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United States District Court, Southern District of New York

April 18, 2002


The opinion of the court was delivered by: Leisure, United States District Judge.


Plaintiff Raymond H. Wechsler, the administrative trustee overseeing the assets of Towers Financial Corporation ("Towers")*fn1, brings the underlying action against Hunt Health Systems, Ltd. ("Hunt Health") and affiliated entities for alleged breach of contract and fraudulent conveyance in connection with the parties' factoring agreements. Plaintiff now moves (1) to renew his motion for summary judgment; and (2) to strike the affidavit of Gary Davidson, C.P.A. Defendants move to strike the affidavit of Andrew P. Prague, C.P.A. For the following reasons, plaintiff's renewed summary judgment motion is granted in part and denied in part; and both plaintiff's motion to strike and defendants' motion to strike are each granted in part and denied in part.


A. Factual Background

Familiarity with the prior decisions relating to this case is assumed. Accept as indicated, the parties have stipulated to or do not contest the following facts.*fn2

I. The Accounts Receivable Purchase Contract

On July 10, 1991, Towers executed an accounts receivable purchase contract (the "HCP Agreement"), with Hunt Health, a Texas limited partnership formed in 1991 to operate a drug and alcohol dependency rehabilitation center located in Hunt, Texas doing business as "La Hacienda Treatment Center," or "La Hacienda". Plaintiffs Statement Pursuant to Local Rule 56.1 in Connection with his Renewed Motion for Partial Summary Judgment, dated January 28, 2000, ("Pl. Ren. 56.1 Statement"), ¶¶ 7, 16.*fn3 The HCP Agreement provides that Hunt Health will offer to sell to Towers the "Reimbursable Accounts" receivable of Hunt Health, defined by the agreement as "clean claim obligation[s] payable in whole or in part by a governmental entity. or by an insurance company or other entity approved by [Towers]". See exhibits attached to the affidavit of Daniel J. Kelly, Esq., dated January 27, 2000 (hereinafter "Pl. Ex."), Ex. 8, ¶ 2.

The contractual purchase price for a Reimbursable Account is 95% of the amount Towers actually recovers on the account, plus 95% of any remaining "Reimbursable Value", defined as "the amount that is represented by [Hunt Health] to be due and payable by a Third Party Obligor with respect to such Account." See Pl. Ex. 8, ¶ 3. The parties have referred to the difference between the discounted value paid by Towers and its full face value as a "factoring fee".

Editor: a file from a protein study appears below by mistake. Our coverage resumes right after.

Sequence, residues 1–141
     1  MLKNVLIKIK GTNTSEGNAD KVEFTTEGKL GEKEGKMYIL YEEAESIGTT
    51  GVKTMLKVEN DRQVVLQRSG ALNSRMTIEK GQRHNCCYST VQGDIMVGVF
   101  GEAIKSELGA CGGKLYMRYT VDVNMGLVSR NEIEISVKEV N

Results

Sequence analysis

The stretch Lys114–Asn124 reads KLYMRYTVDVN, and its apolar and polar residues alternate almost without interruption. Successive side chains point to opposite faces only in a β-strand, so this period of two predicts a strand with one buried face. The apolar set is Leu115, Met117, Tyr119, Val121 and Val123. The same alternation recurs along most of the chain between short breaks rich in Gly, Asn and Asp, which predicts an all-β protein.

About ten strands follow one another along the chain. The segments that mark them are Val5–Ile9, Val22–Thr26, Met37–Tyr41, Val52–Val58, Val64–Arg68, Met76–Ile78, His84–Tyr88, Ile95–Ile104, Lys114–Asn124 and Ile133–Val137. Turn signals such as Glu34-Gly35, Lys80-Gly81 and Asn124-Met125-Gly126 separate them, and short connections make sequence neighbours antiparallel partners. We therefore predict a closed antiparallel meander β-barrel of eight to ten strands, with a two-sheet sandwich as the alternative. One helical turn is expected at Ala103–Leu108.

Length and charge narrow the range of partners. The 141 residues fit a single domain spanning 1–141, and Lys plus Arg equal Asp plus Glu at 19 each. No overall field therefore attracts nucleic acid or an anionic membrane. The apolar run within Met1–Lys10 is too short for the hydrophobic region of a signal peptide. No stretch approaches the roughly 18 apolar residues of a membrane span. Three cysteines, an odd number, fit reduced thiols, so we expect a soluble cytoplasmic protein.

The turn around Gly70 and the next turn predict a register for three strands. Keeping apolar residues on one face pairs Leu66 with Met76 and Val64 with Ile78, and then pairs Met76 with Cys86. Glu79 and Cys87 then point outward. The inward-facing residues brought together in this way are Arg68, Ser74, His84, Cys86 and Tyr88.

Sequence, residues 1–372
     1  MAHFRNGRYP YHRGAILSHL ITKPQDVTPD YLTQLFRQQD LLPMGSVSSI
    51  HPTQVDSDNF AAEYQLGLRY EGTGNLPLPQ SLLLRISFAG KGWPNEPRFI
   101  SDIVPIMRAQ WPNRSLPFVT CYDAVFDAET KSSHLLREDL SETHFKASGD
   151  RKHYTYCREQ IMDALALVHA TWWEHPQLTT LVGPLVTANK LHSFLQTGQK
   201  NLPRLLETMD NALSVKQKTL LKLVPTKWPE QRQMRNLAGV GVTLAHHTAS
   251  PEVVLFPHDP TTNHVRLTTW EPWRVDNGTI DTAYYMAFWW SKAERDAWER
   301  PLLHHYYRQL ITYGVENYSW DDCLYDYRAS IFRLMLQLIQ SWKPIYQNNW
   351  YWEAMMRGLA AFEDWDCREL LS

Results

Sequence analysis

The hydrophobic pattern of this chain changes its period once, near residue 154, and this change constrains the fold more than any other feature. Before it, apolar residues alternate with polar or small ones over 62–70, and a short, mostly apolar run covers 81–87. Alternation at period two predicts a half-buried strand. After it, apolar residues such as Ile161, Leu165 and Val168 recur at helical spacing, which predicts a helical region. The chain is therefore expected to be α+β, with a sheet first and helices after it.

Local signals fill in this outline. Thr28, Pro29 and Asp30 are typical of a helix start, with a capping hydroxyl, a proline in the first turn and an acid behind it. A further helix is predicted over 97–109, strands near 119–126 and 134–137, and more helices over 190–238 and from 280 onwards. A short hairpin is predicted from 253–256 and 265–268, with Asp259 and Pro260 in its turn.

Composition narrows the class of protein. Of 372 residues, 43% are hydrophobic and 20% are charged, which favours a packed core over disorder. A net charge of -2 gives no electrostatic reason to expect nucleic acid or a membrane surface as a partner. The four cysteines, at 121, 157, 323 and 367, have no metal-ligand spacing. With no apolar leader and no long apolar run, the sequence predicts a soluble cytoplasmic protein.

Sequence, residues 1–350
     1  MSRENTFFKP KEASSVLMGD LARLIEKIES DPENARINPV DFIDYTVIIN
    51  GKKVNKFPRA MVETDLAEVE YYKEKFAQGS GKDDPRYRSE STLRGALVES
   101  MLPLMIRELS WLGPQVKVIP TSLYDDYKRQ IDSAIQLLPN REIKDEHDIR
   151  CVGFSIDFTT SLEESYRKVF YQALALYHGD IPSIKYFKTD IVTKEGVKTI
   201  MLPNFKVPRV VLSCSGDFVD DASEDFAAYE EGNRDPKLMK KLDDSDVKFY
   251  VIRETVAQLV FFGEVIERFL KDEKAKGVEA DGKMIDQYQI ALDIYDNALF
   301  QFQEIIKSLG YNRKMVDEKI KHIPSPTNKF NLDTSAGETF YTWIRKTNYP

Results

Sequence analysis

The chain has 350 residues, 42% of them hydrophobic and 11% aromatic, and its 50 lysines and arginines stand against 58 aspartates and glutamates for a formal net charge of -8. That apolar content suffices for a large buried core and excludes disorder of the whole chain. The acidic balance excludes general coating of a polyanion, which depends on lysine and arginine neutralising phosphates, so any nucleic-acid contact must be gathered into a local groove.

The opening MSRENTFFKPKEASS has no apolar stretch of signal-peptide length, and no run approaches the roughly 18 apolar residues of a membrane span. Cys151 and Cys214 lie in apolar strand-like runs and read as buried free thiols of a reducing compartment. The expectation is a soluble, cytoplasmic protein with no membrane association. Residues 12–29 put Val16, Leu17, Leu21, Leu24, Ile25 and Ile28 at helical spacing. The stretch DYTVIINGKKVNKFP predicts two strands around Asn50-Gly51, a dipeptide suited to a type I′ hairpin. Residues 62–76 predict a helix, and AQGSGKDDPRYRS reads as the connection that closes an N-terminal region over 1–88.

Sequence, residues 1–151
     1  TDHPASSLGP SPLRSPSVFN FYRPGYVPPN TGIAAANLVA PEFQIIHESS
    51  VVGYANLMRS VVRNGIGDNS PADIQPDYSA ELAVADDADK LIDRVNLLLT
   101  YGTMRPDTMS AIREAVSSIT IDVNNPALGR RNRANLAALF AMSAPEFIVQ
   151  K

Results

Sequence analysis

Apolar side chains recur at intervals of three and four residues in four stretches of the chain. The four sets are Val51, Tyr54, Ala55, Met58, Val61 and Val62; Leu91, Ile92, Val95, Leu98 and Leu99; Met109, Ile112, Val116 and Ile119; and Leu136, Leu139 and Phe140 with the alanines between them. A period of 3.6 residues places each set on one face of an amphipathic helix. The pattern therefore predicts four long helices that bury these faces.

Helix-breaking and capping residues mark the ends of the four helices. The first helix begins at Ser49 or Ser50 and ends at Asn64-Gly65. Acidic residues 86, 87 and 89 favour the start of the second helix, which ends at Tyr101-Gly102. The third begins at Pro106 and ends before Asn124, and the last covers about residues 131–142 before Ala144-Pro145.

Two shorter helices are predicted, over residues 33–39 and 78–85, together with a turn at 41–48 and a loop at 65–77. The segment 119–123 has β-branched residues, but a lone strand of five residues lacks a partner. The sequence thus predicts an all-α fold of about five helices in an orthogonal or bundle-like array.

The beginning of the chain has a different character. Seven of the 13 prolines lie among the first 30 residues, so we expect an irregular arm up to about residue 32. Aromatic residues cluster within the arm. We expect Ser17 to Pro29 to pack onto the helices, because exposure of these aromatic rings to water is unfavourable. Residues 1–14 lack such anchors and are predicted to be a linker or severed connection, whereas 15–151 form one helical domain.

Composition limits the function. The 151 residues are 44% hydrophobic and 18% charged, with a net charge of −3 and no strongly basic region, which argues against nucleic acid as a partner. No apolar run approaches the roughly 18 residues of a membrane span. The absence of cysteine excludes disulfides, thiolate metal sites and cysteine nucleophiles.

Towers' payment for purchased accounts is to occur in two installments. The first installment, consisting of 50% of the Reimbursable Value of the account, is due upon purchase. See id. The remaining balance is due upon the earlier of"(i) receipt by [Towers] of good funds in payment of the Account, (ii) thirty (30) days after [Towers] receive[s] notice that the Third Party Obligor will not pay the amount owed for reasons that would not constitute a breach of the representations and warranties set forth in paragraph 8 below or (iii) three hundred and sixty-five (365) days after the date [Towers] purchase[s] the Account." Id. Upon Towers's payment of the initial installment, Hunt Health's rights, title and interest in the accounts, including Hunt Health's right to payment on the accounts, transfers to Towers. See id. ¶ 4.

Simultaneous with the execution of the HCP Agreement, Towers and Hunt Health executed a rider whereby Towers acquired a lien on, among other things, all of the accounts receivable of Hunt Health and proceeds thereof as collateral for any liabilities of Hunt Health to Towers resulting from operation of the HCP Agreement. See Pl. Ex. 9.

The final relevant contemporaneous agreements are letter agreements (the "Guaranties") entered into with Towers by P&G Enterprises, Inc. ("P&G"), and MHTJ Investments, Inc. ("MHTJ"), Texas corporations that each have a 50% ownership interest in Hunt Health.*fn4 The letter agreements set forth absolute and unconditional guaranties by P&G and MHTJ of Hunt Health's obligations and liabilities to Towers, if any. See Pl. Exs. 11, 12.

Prior to its execution, the form HCP Agreement offered by Towers was reviewed by an attorney retained by Hunt Health, and the form was signed by Hunt Health with few changes. See Pl. Ex. 13, ¶ 12.

2. The September 1992 Agreements

In September 1992, Towers and Hunt Health effected several changes in their contractual relationship. On September 25, 1992, the parties executed an amendment (the "Amendment") to the HCP Agreement allowing Hunt Health to elect early termination. See Pl. Ex. 14. In the event of such election, the Amendment provides that Hunt Health must pay Towers liquidated damages equal to $10,000 for each month or part thereof remaining prior to the HCP Agreement's original termination date. See id.